It’s been an evening of customer service experiences. 

I’ve had issues with my current bank, which have made me yell, use a lot of vulgar language, and at one point I ended up in the branch manager’s office after sending her a pointed email about how poorly I’d been treated by her staff. Things have, unfortunately, not gotten much better.

Current bank
1) The website is often out of date.
2) One can only reach the bank by phoning during business hours. There is an email account but then one gets to receive a return phone call while I’m at work. My coworkers are sick of listening to me talk to my bank.

3) Very little can be handled online.
4) They shut off everyone’s card due to a data breach but didn’t bother to tell any of the card holders for 16 hours–and didn’t put any notification on their website or voicemail about this. (Guess who surprised a bunch of story time parents the next morning with the news that their bank cards wouldn’t work?) Over 24 hours later some people STILL hadn’t been notified.

5) Don’t allow for pin changes on location–you have to get an entirely new debit card to change the pin. I found this out 24 hours before I left for New York–while planning to take only the new debit card. 

6) Didn’t have a drive through ATM–in Wisconsin–until about six months ago.  You had to park illegally in an all-reserved-spots-parking and get out of the car. In January. In Wisconsin.

7) No walk in ATM at the bank, despite being on Main Street where we have a lot of foot traffic during the summer.

8) No ATM at all at the remote branch, which is closer to Chez Hedgehog.
9) Remember I went to Egypt? (yah I know I owe you pictures) I called them in advance and was assured by the receptionist (I don’t know her name but I recognize the voice at this point) that she would mark my account so they wouldn’t shut the card off on me while M and I were abroad.  On the trip home and while I was in NY praying the wind would let up long enough that I could fly back to CHI/LSE–they called about odd account activity. There was no record on my account that I was going to be traveling to Egypt despite my advance phone call. While I appreciated the verification and rattled off exactly how many debits had been made, when, and the approximate amount with some wiggle room for exchange rates, the obvious fall down on that one was HUGE. “Who did you talk to?” the caller asked. “Whoever answers the phone.” was my not extremely chipper answer.  

10)  Tonight–for no apparent reason–they’re holding double my rent payment hostage.  The money is there, it’s just “not available.”  I only got one receipt from my landlord through their electronic bill payment system and it’s automatic, so that shouldn’t have gone through twice. I’ve used that system for two years. So tomorrow morning I get to call to find out what exactly is going on this time.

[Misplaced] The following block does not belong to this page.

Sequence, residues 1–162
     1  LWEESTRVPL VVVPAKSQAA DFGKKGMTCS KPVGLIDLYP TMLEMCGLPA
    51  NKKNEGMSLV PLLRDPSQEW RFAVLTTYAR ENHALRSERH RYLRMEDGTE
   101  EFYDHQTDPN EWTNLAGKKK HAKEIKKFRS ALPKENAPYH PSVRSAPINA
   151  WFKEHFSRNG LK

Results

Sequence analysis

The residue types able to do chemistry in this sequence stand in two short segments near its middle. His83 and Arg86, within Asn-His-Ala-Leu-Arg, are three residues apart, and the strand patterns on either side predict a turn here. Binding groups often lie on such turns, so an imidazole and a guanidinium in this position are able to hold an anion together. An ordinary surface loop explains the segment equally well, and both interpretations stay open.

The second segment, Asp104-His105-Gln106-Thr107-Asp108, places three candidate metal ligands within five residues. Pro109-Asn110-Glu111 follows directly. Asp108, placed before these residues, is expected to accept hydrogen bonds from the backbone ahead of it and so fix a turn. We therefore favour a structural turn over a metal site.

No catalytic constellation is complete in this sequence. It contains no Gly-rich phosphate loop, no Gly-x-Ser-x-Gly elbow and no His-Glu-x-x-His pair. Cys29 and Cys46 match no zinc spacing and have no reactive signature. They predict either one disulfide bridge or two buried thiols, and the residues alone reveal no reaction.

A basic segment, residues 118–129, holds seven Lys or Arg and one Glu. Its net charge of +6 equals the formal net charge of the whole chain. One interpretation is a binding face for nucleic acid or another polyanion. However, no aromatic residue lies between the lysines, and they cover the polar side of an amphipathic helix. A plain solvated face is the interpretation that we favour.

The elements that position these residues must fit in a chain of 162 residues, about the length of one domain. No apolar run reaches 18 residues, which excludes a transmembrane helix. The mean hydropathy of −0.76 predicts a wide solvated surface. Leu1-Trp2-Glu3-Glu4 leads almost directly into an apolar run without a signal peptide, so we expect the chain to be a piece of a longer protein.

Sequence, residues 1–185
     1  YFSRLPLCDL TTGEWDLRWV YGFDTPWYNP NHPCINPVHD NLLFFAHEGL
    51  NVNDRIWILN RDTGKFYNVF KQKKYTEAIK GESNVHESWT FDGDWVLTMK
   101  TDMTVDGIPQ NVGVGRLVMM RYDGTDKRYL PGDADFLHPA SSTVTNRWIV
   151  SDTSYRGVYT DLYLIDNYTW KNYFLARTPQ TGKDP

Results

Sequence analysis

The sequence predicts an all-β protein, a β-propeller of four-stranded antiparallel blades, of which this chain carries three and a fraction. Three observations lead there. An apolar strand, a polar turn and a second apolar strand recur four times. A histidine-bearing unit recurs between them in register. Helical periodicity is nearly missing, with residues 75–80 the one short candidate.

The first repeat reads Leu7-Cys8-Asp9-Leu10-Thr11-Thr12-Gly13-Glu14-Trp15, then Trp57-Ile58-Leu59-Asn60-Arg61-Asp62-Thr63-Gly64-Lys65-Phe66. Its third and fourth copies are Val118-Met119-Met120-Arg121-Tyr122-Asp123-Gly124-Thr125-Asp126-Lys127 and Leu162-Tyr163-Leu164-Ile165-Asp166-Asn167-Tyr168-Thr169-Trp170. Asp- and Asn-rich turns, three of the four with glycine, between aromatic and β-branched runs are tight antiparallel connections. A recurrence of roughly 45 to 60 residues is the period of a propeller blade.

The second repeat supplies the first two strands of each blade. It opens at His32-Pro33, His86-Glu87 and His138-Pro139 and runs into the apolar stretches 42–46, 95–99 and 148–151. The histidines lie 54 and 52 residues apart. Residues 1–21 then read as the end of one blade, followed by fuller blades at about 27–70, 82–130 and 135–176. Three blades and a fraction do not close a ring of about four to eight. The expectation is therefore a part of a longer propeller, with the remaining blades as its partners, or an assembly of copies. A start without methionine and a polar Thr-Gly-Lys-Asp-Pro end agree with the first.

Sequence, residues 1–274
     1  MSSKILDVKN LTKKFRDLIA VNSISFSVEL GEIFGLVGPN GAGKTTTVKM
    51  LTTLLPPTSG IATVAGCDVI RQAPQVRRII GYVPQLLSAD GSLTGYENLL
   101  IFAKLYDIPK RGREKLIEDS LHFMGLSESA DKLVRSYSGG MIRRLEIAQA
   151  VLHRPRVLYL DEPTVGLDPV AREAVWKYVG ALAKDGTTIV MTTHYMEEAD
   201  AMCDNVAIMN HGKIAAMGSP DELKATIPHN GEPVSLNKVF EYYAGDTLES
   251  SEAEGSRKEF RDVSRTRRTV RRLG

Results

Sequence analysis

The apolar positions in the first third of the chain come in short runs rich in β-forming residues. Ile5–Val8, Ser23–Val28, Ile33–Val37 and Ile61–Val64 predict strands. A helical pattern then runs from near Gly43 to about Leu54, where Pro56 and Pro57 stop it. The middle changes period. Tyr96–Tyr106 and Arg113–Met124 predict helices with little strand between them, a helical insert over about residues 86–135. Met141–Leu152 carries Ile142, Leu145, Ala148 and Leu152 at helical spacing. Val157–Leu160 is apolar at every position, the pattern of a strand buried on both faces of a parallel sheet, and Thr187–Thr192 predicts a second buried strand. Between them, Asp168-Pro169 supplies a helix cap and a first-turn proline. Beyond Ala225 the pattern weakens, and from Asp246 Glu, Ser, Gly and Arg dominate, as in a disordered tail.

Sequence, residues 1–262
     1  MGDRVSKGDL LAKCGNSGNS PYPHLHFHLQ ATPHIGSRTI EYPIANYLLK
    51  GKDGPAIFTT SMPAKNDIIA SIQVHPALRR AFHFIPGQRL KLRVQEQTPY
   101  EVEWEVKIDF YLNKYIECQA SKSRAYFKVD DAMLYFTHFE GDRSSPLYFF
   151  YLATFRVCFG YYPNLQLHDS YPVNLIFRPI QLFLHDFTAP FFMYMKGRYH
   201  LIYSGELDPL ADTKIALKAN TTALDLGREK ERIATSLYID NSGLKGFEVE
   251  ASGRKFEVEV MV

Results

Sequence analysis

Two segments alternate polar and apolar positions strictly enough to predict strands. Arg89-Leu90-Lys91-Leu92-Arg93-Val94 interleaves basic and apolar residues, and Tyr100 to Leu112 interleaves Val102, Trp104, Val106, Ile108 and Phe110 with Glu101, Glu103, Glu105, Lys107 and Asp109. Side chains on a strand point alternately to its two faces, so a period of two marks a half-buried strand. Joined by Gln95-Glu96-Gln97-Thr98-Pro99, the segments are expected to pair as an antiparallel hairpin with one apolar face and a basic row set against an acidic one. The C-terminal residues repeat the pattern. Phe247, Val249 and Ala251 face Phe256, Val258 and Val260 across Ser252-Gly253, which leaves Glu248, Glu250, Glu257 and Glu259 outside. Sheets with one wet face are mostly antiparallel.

I’ve had plans to go to a different financial institution, one recommended highly by a coworker. It’s a credit union, they pay interest on their standard checking accounts, and she’s been really pleased with them. Only, they keep banking hours and I hate leaving the house on Saturday. As I kvetched about this online, one friend suggested I start the account opening process online. 

It had never occurred to me that I could do that. Certainly at my current bank this wasn’t an option, I couldn’t assign a designated inheritor upon my death without an Act of Congress (insert political party joke *here* if you so choose). But at my new choice of financial institution…I could. 

I filled out all the standard questionnaires, forms, verification of who I was, etc–online. I read electronic versions of all of the usual documents. I assigned a designated inheritor in case the cat steps on my windpipe one too many times. It was polite, it was easy, and it took about ten minutes–including setting up an electronic transfer from my current bank to start initial funding.

From their website:

1) I can FIND the number to call and report if my card is lost–24/7.
2) There’s a secure way to communicate with them online.
3) They listed on the application forms what countries they don’t allow debit/credit card usage at present (Burma, for example).
4) There is a drive up ATM on my way home and a satellite branch where I do most of my grocery shopping.
5) I’ll get interest on my not very high balance checking account just for banking with them and using online banking.
6) Automatic savings account set up for me, which I’ve missed having. I “can” do it all on the spreadsheet I keep–and will continue to do so–but being able to move money to a savings account that isn’t my ING account is nice. (The ING is great–but it takes 3 business days to move funds around.)

7) Far more transparent.

I’ve avoided doing this also because of all of the places I’ll need to change routing numbers: work, freelance client, student loans, other online bill paying stuff, retirement savings account. But changing routing numbers has got to be easier than the excess of frustration I feel about every three months when my current bank screws up again.

Everything for my new bank account is in process, as confirmed by an automatic but still very clear and polite email that I got upon clicking “Finish.” I expect tomorrow I’ll get an email or perhaps a phone call. Initial set up probably should have a live human-to-human contact at some point, I’m okay with that.  

*sigh* I could tie all this back to libraries, online fine payment and card registration, policy transparency etc, but I’ve done my taxes and signed up for a new bank account–so take away what lessons you will for yourself. 

Also–anybody want to come tell me what’s wrong with my printer? The black ink is being screwy despite changing out the ink cartridge.